STATE COLLEGE, Pa. -- Penn State needed long-ball passing to fool Arizona, whack Akron and sneak by Pittsburgh.
Much as coach Joe Paterno would love to return to consistent, Big Ten-style, smashmouth football, the Nittany Lions again may end up using every last reverse, streak and screen in their arsenal on Saturday.
While this is a team that usually starts with the tailback, No. 3 Penn State's rushing attack so far has been inconsistent, at best.
And next up is No. 8 Miami (2-0). The Hurricanes held Ohio State to 116 yards and have three linebackers certain to crowd the line of scrimmage. Their defensive backs, on the other hand, are largely untested, either by Ohio State's new quarterbacks or Division I-AA Florida A&M.
"We may have to throw the ball, we don't know," quarterback Kevin Thompson said. "It's just a matter of how Miami plays us. If they put eight guys in the box, who knows? Maybe we can break one loose."
Penn State (3-0) has done that so far, but Paterno isn't one to rely on the big play. He was especially concerned after the Lions scraped together just 65 yards in a 20-17 victory over Pittsburgh.
"Obviously, we'll have to run the ball better than that at times during the year," Paterno said. "I said prior to the Pitt game that was one of my concerns, that we had really fooled people with big plays and that one of these days we weren't going to be able to fool people. We were going to have to go in there and earn it."
Penn State has been known to throw from time to time -- despite its reputation as strictly a running team.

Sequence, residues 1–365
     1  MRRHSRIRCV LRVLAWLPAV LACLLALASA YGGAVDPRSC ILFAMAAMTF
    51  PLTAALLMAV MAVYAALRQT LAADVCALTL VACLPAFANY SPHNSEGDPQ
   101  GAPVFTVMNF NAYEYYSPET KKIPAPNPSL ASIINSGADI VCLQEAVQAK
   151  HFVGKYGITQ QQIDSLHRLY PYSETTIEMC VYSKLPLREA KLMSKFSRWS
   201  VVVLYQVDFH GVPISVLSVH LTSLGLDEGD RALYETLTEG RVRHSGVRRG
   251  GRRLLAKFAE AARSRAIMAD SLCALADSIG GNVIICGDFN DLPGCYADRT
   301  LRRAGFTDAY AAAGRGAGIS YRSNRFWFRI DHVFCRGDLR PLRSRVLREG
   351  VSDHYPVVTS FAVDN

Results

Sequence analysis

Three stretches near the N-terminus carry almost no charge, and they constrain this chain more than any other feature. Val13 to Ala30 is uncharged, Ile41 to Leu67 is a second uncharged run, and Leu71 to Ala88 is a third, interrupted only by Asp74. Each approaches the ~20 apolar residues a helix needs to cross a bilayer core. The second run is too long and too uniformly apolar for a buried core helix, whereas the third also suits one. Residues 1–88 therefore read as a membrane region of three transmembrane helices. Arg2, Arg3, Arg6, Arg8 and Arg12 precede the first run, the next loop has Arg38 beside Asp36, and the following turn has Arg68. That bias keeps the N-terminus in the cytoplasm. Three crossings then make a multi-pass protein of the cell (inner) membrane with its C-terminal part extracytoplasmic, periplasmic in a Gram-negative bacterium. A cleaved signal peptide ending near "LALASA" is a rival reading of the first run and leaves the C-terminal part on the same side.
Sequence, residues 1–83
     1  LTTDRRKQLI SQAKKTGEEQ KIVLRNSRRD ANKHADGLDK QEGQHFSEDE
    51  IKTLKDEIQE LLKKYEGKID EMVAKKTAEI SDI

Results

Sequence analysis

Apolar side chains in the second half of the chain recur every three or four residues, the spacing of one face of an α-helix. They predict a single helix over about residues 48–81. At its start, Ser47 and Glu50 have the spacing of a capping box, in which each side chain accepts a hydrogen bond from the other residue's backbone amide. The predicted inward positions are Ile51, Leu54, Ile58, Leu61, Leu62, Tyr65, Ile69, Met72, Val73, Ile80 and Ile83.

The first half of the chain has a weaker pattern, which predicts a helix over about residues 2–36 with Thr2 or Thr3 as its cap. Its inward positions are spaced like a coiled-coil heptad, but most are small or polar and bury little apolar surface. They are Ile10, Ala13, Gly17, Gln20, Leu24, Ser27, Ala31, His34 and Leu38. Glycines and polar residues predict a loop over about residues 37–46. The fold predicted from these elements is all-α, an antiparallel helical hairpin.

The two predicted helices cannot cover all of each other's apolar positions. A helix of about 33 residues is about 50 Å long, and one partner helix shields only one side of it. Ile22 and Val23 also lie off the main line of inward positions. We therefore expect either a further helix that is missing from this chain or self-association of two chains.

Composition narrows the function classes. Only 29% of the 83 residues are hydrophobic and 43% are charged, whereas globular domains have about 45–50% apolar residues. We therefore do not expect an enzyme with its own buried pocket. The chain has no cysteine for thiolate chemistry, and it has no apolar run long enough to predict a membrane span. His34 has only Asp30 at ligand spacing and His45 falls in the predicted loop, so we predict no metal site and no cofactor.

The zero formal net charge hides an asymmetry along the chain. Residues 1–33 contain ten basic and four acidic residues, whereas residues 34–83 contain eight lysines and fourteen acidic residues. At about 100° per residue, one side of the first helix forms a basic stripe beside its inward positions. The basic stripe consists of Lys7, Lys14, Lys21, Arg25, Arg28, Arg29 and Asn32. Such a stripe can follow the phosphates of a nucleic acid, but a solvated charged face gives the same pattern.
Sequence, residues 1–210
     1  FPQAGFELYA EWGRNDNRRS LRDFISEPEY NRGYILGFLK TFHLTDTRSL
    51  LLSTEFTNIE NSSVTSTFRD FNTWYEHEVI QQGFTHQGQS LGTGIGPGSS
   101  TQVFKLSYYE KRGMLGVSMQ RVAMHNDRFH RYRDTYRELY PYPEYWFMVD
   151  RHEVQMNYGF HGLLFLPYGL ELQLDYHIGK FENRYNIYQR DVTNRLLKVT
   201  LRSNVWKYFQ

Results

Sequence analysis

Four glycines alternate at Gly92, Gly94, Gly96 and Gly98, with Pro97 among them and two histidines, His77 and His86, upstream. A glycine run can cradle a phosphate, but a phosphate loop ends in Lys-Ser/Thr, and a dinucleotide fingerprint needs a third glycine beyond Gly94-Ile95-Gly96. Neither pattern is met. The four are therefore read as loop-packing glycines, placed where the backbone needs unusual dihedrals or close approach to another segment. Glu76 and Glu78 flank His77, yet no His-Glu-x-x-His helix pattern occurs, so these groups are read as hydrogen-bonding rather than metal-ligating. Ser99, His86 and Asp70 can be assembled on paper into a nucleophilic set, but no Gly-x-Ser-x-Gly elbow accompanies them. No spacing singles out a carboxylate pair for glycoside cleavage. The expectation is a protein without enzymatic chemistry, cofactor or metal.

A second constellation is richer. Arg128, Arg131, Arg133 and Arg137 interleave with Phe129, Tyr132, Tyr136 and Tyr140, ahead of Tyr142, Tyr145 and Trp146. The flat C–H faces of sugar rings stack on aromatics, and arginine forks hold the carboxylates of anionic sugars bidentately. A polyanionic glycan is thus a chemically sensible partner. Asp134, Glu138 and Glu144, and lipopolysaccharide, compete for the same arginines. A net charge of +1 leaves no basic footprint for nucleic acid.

In 1982, the Lions became the first team to win a national title by piling up more passing yards than rushing yards. In 1994, Kerry Collins led Penn State to a 12-0 season by throwing for a school-record 2,679 yards.
But both teams had great backs, too: In 1982, Curt Warner rushed for 5.3 yards every time he carried. Ki-Jana Carter ran for 1,539 yards in 1994 at 7.8 a pop.
This year, sophomore Eric McCoo has been Paterno's go-to tailback more often than not, but he has only 103 yards on 28 carries. Aaron Harris, Paterno's most experienced back, has 91 yards on 17 carries.
Paterno does not blame his experienced offensive line, only his new offensive schemes.
"We're in a lot of different sets, we're playing a lot of different people, we've tried to establish a little better passing game, a little bit more wide-open football game," Paterno said. "We have not played with two tight ends. We haven't done things we've done in other years to make sure we can run the football.
"You never get anything for nothing," he added. "If you want to spread out a little bit, then you don't run the ball quite as well."
That's especially true when teams crowd eight or nine players in the box for much of the game, as Pittsburgh did.
"It's tough to have a successful running day when they do that," Mike Cerimele said. "But we're going to have to work to get better because that's what we're going to see the rest of the year."